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cried to it with the daring of her despair Drive
me on!

For days and days together, she had bent her
mind on the one object which occupied it, since
she had received the lawyer's letter. For days
and days together, she had toiled to meet the first
necessity of her positionto find a means of
discovering the Secret Trust. There was no hope,
this time, of assistance from Captain Wragge.
Long practice had made the old militiaman an
adept in the art of vanishing. The plough of the
moral agriculturist left no furrowsnot a trace
of him was to be found!  Mr. Loscombe was too
cautious to commit himself to an active course of
any kind: he passively maintained his opinion,
and left the rest to his clienthe desired to know
nothing, until the Trust was placed in his hands.
Magdalen's interests were now in Magdalen's
own sole care. Risk, or no risk, what she did
next, she must do by herself.

The prospect had not daunted her. Alone she
had calculated the chances that might be tried.
Alone she was now determined to make the

"The time has come," she said to herself, as she
sat over the fire. "I must sound Louisa first."

She collected the scattered coins in her lap,
and placed them in a little heap on the table
then rose, and rang the bell. The landlady
answered it.

"Is my servant down stairs?" inquired

"Yes, ma'am. She is having her tea."

"When she has done, say I want her up here.
Wait a moment. You will find your money on
the tablethe money I owe you for last week.
Can you find it? or would you like to have a

"It's rather dark, ma'am."

Magdalen lit a candle. "What notice must I
give you," she asked, as she put the candle on the
table, "before I leave?"

"A week is the usual notice, ma'am. I hope
you have no objection to make to the house?"

"None whatever. I only ask the question,
because I may be obliged to leave these lodgings
rather sooner than I had anticipated. Is the
money right?"

"Quite right, ma'am. Here is your receipt."

"Thank you. Don't forget to send Louisa to
me, as soon as she has done her tea."

The landlady withdrew. As soon as she was
alone again, Magdalen extinguished the candle,
and drew an empty chair close to her own chair,
on the health. This done, she resumed her
former place, and waited until Louisa appeared.
There was doubt in her face, as she sat looking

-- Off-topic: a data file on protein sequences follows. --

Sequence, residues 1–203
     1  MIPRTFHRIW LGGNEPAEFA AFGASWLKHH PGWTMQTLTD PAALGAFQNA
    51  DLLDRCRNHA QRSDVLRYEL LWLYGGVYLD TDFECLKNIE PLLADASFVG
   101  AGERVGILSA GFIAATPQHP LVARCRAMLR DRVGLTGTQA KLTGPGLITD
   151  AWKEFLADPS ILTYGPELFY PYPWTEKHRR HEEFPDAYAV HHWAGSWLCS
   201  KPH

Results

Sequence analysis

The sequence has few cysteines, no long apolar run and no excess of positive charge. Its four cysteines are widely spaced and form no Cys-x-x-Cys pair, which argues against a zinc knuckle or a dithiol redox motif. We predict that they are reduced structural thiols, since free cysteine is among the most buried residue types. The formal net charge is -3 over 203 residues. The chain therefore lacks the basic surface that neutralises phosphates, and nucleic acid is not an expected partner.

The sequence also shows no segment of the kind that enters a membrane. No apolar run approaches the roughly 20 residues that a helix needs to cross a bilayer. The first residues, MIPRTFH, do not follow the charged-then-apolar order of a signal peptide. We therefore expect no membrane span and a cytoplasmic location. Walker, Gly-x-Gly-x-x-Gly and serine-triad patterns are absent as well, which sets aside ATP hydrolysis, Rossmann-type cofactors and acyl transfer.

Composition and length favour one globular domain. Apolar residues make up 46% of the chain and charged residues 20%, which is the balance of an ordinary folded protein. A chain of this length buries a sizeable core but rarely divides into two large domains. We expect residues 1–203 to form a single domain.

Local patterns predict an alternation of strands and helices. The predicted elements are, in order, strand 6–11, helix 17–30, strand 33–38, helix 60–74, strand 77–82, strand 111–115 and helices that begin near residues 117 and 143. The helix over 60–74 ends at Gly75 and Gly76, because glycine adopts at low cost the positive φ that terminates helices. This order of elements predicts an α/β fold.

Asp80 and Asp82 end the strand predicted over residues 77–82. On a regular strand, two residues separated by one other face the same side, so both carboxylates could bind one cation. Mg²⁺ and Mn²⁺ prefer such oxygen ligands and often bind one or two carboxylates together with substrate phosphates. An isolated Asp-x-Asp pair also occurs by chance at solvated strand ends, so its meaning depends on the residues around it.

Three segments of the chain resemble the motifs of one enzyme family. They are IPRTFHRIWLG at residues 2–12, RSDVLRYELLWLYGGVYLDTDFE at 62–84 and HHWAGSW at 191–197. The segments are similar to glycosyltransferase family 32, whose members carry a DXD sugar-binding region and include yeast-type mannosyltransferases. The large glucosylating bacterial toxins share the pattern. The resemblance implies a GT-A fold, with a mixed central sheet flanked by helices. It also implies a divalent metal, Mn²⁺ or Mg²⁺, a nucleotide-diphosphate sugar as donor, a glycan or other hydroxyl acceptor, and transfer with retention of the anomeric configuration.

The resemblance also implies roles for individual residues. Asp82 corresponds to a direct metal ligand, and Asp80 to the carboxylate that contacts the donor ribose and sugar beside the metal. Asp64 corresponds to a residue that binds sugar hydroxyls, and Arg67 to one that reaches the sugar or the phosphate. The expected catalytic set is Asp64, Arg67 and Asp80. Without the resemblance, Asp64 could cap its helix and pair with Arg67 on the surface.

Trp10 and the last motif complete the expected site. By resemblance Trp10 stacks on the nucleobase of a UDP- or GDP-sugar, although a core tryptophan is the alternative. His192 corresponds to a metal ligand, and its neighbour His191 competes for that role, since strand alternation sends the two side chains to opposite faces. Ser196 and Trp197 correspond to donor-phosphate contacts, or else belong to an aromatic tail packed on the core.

mechanically into the fire. "A poor chance,"
she thought to herself; "but, poor as it is, a
chance that I must try."

In ten minutes more, Louisa's meek knock
was softly audible outside. She was surprised on
entering the room to find no other light in it than
the light of the fire.

"Will you have the candles, ma'am?" she
inquired respectfully.

"We will have the candles if you wish for
them yourself," replied Magdalen; "not otherwise.
I have something to say to you. When I
have said it, you shall decide whether we sit
together in the dark or in the light."

Louisa waited near the door, and listened to
those strange words in silent astonishment.

"Come here," said Magdalen, pointing to the
empty chair; "come here and sit down."

Louisa advanced, and timidly removed the
chair from its position at her mistress's side.
Magdalen instantly drew it back again. "No!"
she said. "Come closercome close by me."
After a moment's nervous hesitation, Louisa

"I ask you to sit near me," pursued Magdalen,
"because I wish to speak to you on equal
terms. Whatever distinctions there might once
have been between us, are now at an end. I am
a lonely woman thrown helpless on my own
resources, without rank or place in the world. I
may or may not keep you as my friend. As
mistress and maid, the connexion between us must
come to an end."

"Oh, ma'am, don't, don't say that!" pleaded
Louisa, faintly.

Magdalen sorrowfully and steadily went on.

"When you first came to me," she resumed,
"I thought I should not like you. I have learnt
to like youI have learnt to be grateful to you.
From first to last you have been faithful and good
to me. The least I can do in return, is not to
stand in the way of your future prospects."

"Don't send me away, ma'am!" said Louisa,
imploringly. "If you can only help me with a
little money now and then, I'll wait for my wages
I will indeed."

Magdalen took her hand, and went on, as
sorrowfully and as steadily as before.

"My future life is all darkness, all uncertainty,"
she said. "The next step I take, may
lead me to my prosperity or may lead me to my
ruin. Can I ask you to share such a prospect as
this? If your future was as uncertain as mine
isif you, too, were a friendless woman thrown
on the worldmy conscience might be easy in
letting you cast your lot with mine. I might
accept your attachment, for I might feel I was not
wronging you. How can I feel this in your case?
You have a future to look to. You are an excellent
servant; you can get another placea far
better place than mine. You can refer to me; and,
if the character I give is not considered sufficient,
you can refer to the mistress you served
before me——"

At the instant when that reference to the girl's
last employer escaped Magdalen's lips, Louisa
snatched her hand away, and started up affrightedly
from her chair. There was a moment's
silence. Both mistress and maid were equally
taken by surprise.

Magdalen was the first to recover herself.

"Is it getting too dark?" she asked, significantly.